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Posted on August 25, 2010 at 1:28 pm by Andrew Arnott

Three Mobile and the worst call centres known to man

three will make you do this

Today, I had the misfortune of spending 25 minutes on the phone trying to leave Three Mobile.

I wouldn’t normally post personal rants on this blog, but in this instance, I think there are some serious lessons that businesses can learn from the mismatch in Three’s brand message and the farcical experience of speaking to their doggedly persistent and dishonest call centre monkeys.

My 18-month contract with Three had recently expired and I wanted to get away for one main reason: I had little or no reception anywhere in my house.  I rang Three to get a PAC number and to give notice to leave.  You’d think that would be a simple task, but you’d be very wrong indeed!

Once through to the We’ll try anything to stop you leaving call centre team, I spoke to an Indian gentleman hell-bent on selling me another contract – Lance Armstrong’s recovery from cancer does a disservice to the word “persistence” compared to this fellow’s dogged determination not to let me leave Three.

It’s amazing how much negative feeling can be built up by this sort of tactic.  Before this encounter, I would say I was fairly neutral towards Three’s brand.  After it, I wouldn’t touch them with a mobile phone mast.  I was actually offered (around 8 times) a good deal, but that was never my issue.  The key point is that it doesn’t matter how good a deal is if you don’t listen to your customer’s needs, or worse still, try to bully them into something they don’t want.  Not only was this persistent and linguistically-challenged fellow not listening, he was frequently telling outrageous lies and trying every possible trick to avoid carrying out my request.

‘Lie’ is a strong word isn’t it?  How about these for lies…

Lie 1) “Three has just made an agreement to use Orange as a backup network.  I can activate this for you if you extend your contract so you will have great reception”.  Yes, there is that roaming agreement but it happened around 2 years ago, not recently.  But worst of all, it doesn’t need to be ‘activated’ – it happens seamlessly and automatically, so has been active (and making no difference) on my phone all along.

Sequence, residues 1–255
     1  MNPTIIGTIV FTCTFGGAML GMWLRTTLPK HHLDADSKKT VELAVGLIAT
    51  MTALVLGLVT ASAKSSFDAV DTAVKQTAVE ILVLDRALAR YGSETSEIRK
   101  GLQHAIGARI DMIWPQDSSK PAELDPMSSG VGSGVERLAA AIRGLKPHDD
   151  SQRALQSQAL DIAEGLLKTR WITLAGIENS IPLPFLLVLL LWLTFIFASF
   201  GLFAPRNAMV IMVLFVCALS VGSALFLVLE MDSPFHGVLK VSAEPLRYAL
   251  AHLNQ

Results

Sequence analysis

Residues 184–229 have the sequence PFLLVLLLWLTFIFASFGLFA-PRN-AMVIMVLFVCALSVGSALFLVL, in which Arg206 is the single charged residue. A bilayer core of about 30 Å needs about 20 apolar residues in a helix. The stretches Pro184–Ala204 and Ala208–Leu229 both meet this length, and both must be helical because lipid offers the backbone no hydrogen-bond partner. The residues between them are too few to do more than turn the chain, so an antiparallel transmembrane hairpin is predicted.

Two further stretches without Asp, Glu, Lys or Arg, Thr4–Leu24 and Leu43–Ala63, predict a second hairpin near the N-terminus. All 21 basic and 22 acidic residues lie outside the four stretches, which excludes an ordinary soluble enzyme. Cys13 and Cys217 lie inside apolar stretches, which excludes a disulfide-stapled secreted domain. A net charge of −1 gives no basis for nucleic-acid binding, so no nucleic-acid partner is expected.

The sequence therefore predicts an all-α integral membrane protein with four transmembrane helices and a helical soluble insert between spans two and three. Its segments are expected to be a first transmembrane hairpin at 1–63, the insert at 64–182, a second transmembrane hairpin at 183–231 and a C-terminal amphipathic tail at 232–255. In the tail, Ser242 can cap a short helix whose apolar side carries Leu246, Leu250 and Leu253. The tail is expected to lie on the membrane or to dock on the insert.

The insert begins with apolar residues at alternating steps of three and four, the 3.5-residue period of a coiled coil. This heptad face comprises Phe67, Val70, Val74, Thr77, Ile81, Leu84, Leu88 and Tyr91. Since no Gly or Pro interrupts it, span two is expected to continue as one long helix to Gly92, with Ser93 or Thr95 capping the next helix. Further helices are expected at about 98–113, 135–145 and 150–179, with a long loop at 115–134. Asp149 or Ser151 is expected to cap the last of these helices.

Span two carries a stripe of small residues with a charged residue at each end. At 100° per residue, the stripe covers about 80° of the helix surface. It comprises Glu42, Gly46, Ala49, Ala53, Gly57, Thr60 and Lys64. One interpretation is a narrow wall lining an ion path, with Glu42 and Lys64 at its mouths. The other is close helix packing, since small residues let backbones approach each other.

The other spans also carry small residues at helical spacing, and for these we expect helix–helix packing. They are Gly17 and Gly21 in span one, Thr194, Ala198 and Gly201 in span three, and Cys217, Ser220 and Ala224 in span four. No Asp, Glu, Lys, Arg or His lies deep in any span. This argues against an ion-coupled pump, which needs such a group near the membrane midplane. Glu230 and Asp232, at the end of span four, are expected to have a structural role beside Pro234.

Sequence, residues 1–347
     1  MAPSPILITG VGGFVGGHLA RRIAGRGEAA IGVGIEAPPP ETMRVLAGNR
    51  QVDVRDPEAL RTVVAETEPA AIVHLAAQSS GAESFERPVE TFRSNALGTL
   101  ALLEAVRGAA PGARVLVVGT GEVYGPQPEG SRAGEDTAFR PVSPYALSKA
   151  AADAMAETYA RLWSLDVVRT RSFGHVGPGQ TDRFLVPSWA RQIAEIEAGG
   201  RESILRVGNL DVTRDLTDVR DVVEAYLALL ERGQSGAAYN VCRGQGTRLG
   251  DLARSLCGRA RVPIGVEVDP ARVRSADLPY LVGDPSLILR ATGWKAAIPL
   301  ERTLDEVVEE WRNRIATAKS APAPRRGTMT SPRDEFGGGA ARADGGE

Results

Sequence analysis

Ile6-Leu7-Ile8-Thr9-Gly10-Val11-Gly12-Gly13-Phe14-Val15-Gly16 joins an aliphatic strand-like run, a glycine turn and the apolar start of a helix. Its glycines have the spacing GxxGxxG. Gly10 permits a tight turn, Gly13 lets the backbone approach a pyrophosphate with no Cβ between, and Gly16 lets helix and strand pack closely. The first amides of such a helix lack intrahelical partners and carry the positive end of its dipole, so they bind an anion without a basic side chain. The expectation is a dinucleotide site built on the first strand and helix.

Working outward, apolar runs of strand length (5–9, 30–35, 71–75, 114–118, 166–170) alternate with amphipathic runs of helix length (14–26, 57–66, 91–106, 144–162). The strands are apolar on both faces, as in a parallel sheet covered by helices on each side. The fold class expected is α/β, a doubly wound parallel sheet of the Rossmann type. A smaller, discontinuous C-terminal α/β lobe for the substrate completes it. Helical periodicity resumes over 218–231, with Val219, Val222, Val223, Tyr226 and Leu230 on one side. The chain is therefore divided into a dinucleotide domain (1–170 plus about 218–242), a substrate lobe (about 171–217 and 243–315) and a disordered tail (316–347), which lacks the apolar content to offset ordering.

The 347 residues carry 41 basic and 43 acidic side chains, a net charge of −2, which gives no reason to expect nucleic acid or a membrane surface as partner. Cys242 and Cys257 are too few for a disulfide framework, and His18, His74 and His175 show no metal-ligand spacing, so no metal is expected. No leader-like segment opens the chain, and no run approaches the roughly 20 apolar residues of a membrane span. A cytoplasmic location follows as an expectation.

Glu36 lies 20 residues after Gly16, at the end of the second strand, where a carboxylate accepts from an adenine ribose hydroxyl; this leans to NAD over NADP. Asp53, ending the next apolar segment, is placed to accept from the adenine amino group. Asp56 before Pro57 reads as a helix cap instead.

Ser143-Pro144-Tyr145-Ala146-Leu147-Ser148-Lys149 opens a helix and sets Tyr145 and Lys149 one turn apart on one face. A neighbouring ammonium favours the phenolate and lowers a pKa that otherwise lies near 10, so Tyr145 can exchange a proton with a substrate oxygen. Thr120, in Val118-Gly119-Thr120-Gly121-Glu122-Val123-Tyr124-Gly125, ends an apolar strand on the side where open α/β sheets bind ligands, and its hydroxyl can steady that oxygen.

Lie 2) “The signal where you live is one of the strongest in the country – you have excellent reception”.  No, I don’t!  I told you that. That’s why I’m leaving!  Inside and out, there is barely ever a signal.  The power of persuasion will not change this fact.

Lie 3) “The signal is bad because the phone or the SIM is old”.  How about NO!  So, how would you explain the signal being non-existent from the start with a brand new phone and SIM? And why do I get perfect reception in other areas?

Lying to your customers is not good practice!

What could they do instead that wouldn’t impact overheads?  Well, Three use a great tone of voice on their website.  Plus as a customer, you get access to MyThree which allows you to view/do a bunch of things online.  So, how about allowing you to give notice online?  “You can’t make it easy for people to leave”, I can hear the senior executives saying, but they’re absolutely wrong.  Three should be pro-actively contacting customers by email or text before their contract is up, inviting them to their site to be offered a personalised upgrade or new deal.  And if a customer wants to cancel online, they could be asked the reason online and presented with an appropriate offer to try to tempt them into staying.

The trick is to personalise the offer and, just as importantly, to present it in a tone of voice consistent with the brand’s message.  You’d create a positive experience for people who still choose to leave (so increasing the likelihood of them being advocates or returning in the future) and you would no doubt win back many customers when presenting them with fantastic deals in a no-pressure environment.

So my message to Three: don’t use appallingly trained and no doubt appallingly paid phone monkeys to bully people into staying with you.  Where they succeed, customers will feel bad about the experience and resentful of your brand even if they’ve got a cheaper deal.  And those customers who do leave, will be so glad they managed to escape, they’ll encourage everyone else to steer well clear, just as I am now.

In the end, this old-school approach to sales just doesn’t add up in today’s connected world.  Match your actions to your brand message or you’ll be found out soon enough.

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